Remarks on the World Drug Problem

Remarks for the Commission on Narcotic Drugs (CND) Special Segment on the UN General Assembly Special Session on the World Drug Problem,

Ambassador Laura S.H. Holgate,

U.S. Permanent Representative to International Organizations in Vienna,

 

Vienna International Centre,

Vienna, Austria,

November 30, 2016.

 

Thank you, Chair.

Seven months ago, the international community gathered at the UN General Assembly Special Session on the World Drug Problem to assess the progress made in implementing the 2009 Political Declaration and Plan of Action on International Cooperation towards an Integrated and Balanced Strategy to Counter the World Drug Problem. There, we committed to a balanced approach to drug issues and to enhance cooperation in addressing all aspects of this issue.

Now, Member States, with the assistance of UN entities, international organizations, regional organizations, civil society and one another, should turn our attention to implementing those commitments outlined in the outcome document.

Cooperation among Member States is particularly important when facing the emerging challenge of new psychoactive substances and synthetic drugs. The rate of proliferation of these substances makes it impossible for one Member State to catalogue all of the latest information alone. We therefore encourage Member States to actively participate in, and contribute to, the UN Office on Drugs and Crime’s Global Synthetics: Monitoring, Analysis, Research and Trends and the International Narcotics Control Board’s project on International Operations on New Psychoactive Substances. Both provide unique platforms for sharing information, analyses and tactics to address this challenge.

We also commend the International Narcotics Control Board for its decision to host an international conference on precursor chemicals and new psychoactive substances in February 2017 in Bangkok. This conference will provide a tremendous opportunity to learn more about this critical issue as part of UNGASS follow-on, and we thank the INCB for its initiative. We encourage all Member States to send representatives at the policymaking and expert levels to this important meeting.

As one example of new realities, the United States is witnessing the growth of illicit opioid use, particularly illicit fentanyl and fentanyl-related compounds, resulting in an alarming increase in overdose deaths linked to this synthetic drug. Our efforts to address this challenge include a request to add the two most prevalent illicit fentanyl precursor chemicals – ANPP and NPP – to the international control regime under the 1988 Convention. We urge Member States to complete the International Narcotics Control Board’s questionnaires by the December 22 deadline, to inform its evaluation of these two chemicals. The United States stands ready to share its own detailed submission with any interested delegation. If any of you have questions on what we are proposing, I invite you to come to an event tomorrow morning from 9:00 to 10:00 in Room C4. A representative from the U.S. Drug Enforcement Administration will be there to give a presentation and address any questions.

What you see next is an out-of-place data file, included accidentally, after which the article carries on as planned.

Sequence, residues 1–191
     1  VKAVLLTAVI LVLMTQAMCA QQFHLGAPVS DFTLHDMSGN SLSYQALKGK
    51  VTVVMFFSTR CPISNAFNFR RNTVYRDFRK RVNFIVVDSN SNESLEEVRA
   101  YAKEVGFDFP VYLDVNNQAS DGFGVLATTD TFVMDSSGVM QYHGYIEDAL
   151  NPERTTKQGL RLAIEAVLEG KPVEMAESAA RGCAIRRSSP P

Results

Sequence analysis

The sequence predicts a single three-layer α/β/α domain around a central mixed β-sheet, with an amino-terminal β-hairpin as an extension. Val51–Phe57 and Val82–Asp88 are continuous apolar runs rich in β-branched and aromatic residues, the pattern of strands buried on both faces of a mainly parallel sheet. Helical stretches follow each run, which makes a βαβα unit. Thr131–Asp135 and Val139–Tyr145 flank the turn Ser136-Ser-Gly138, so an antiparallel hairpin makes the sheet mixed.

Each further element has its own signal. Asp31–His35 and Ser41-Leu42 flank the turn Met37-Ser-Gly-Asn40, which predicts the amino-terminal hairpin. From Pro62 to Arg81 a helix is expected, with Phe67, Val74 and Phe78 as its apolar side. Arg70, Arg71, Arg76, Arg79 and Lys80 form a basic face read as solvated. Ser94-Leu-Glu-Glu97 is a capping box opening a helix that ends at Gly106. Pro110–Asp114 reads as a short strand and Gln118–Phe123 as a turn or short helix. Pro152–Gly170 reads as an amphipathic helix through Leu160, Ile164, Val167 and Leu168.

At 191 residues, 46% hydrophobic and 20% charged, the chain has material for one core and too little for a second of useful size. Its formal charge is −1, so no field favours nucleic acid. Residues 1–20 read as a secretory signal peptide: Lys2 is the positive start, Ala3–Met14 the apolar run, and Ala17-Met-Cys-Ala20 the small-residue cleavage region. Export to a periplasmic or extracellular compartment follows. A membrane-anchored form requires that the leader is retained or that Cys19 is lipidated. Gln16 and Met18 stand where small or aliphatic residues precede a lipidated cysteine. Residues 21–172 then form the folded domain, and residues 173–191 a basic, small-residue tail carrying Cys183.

We understand that not all Member States are currently experiencing this challenge with illicit fentanyl. Indeed, we are glad if you do not share the problem, and want to do everything possible to ensure that illicit fentanyl does not spread to your country. We also want to make sure that countries seeing and seizing heroin are able to decipher whether fentanyl has been introduced into the heroin supply. As we have seen with other substances, international control is an important preventive measure.

Addressing the world drug problem requires collaboration and cooperation at all levels. An innovative aspect of the UNGASS outcome document was the call for greater collaboration, not only within and among states, but among UN entities on international drug policy. The lead entities in Vienna – the Commission on Narcotic Drugs, the International Narcotics Control Board, and the UN Office on Drugs and Crime – should draw upon the expertise of other UN entities whose work touches on international drug policy, including the World Health Organization. Together they will develop the most comprehensive policies possible.

The task ahead is to translate the numerous UNGASS recommendations into concrete action that ensures the safety and well-being of our citizens. It is not to negotiate new documents or re-litigate the consensus reached only seven months ago. As we look to 2019, our focus will be on how to advance the commitments and progress we have collectively made at the UNGASS. We should devote our energy and scarce resources to giving real meaning to our collective commitments. This may include adjusting the focus of this plenary’s subsidiary bodies to ensure all stakeholders’ voices reach the Commission on Narcotic Drugs, being careful not to create new bodies which could be burdensome or costly. We welcome the CND intersessional meetings scheduled in late January as the appropriate venue and a further opportunity for more in-depth discussion of these matters.